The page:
Fermenting Passions: Kimchi in Cocktails

Image: mokbar (via Facebook)

Kimchi and its liquid bring authenticity and uniqueness to NYC bar.


Fermentation is ripe at the new mokbar in Brooklyn, NY, the new restaurant/bar from Esther Choi that showcases Korean soul food and the Korean drinking culture, including the use of kimchi.

The bar uses the liquid that remains after kimchi has been fermented, and it makes several kimchis. During the summer, it has seven: napa cabbage; white napa cabbage; cucumber; daikon radish; garlic chive; sesame leaf; and white asparagus.

The restaurant makes two types of kimchi, but patience is important: It takes two days just to prepare the ingredients and then another 10 to 14 days for fermentation. “There are so many great flavors in that liquid and natural probiotics developing all the time in the liquid,” explains director of operations Justine Hah.

One of the most popular drinks is the Mary Kim ($13), a Bloody Mary with kimchi, which is pretty common in more modern Korean restaurants, says Hah. “The spice level and the boldness of the classic red kimchi flavor match very well with the horseradish and lemon and Worcestershire Sauce of the Bloody Mary.”

And it’s perfect for cocktails, she says. “It’s about yin and yang. Balance is very important in drinks. So we do a white kimchi with no red pepper at all, and the red kimchi that has ground red pepper.”

For the Mary Kim, she combines the red and white liquids “so we have some tartness from the white and the boldness of the red and put both into the Bloody Mary. And we don’t use Worcestershire Sauce but soy sauce instead.” 

On the skewer for the garnish she uses some of the heads of kimchi – currently asparagus and watermelon radish, since they’re in season – and some crispy spam. “Pork and kimchi is a popular pairing, so you get the porkiness and the spice from the kimchi.” The drink is garnished with a sesame leaf, which looks like a shiso leaf, and Hah says “the herbaceousness from that adds some depth and aromatics to the drink.”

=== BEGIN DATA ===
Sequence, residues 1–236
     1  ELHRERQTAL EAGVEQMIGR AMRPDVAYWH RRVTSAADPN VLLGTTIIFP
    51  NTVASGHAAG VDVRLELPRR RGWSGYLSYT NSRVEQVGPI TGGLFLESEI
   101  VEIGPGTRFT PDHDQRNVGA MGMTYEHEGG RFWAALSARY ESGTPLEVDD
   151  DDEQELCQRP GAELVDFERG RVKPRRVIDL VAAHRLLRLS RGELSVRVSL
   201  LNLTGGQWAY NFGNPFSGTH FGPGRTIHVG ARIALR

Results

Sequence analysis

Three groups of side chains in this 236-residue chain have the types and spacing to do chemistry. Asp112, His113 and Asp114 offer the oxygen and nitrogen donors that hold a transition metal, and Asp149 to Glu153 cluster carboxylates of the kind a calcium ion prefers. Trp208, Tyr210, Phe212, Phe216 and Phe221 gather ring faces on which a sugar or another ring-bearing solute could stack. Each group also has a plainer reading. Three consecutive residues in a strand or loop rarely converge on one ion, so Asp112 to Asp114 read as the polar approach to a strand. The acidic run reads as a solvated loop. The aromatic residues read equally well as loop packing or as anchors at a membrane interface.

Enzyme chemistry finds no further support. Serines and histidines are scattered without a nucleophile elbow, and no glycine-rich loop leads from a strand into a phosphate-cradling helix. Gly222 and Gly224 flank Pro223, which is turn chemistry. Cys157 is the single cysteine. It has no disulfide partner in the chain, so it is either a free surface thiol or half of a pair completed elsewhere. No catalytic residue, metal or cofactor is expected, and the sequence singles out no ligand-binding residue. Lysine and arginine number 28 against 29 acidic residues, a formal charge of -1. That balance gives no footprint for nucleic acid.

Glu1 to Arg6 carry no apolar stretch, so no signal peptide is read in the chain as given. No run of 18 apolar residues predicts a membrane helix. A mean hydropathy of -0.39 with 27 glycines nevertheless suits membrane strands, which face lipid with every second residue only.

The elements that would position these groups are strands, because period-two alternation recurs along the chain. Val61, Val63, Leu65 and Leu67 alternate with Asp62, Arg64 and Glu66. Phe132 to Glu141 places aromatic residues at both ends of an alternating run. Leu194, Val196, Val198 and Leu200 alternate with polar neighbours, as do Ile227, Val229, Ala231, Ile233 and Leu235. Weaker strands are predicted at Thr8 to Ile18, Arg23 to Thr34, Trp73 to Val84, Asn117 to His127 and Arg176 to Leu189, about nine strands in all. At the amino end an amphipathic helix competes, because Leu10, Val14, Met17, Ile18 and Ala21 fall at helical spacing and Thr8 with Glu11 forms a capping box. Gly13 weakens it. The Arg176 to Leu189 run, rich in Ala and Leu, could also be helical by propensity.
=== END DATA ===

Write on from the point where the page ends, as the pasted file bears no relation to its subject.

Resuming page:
Mokbar also offers picklebacks with soju or bourbon, using the beet kimchi, white kimchi and napa cabbage kimchi, and these are popular chasers, Hah says. The red beet kimchi, she explains, “turns the liquid an amazing garnet color and you get the flavor of beets, but it’s nice and tart from the fermentation process, and that goes great with bourbon.” It’s also a great way to serve up soju, which, she explains, “tends to get lost in spirits.”

Hah and Choi are constantly experimenting with kimchis depending on what’s in season, and are even finding more local Korean farms in New York that are starting to offer Korean produce and beverages.

“Fermentation is Esther’s passion,” Hah explains. We currently have seven different kimchis and change them up depending on season. It’s never ending because of the different seasons and combinations.”


Mary Kim

Recipe courtesy of mokbar

  • 2 oz. Tequila
  • 2.5 oz. Housemade Bloody base (San Marzano tomatoes, fresh horseradish, lime juice, soy sauce, black pepper)
  • 1.5 oz Housemade red and white kimchi liquid
  • Splash lemon juice
  • Skewered housemade kimchi and spam for garnish

Pour tequila into a highball/Collins glass. Add Bloody base, kimchi liquid and lemon juice. Stir and add skewered garnish.

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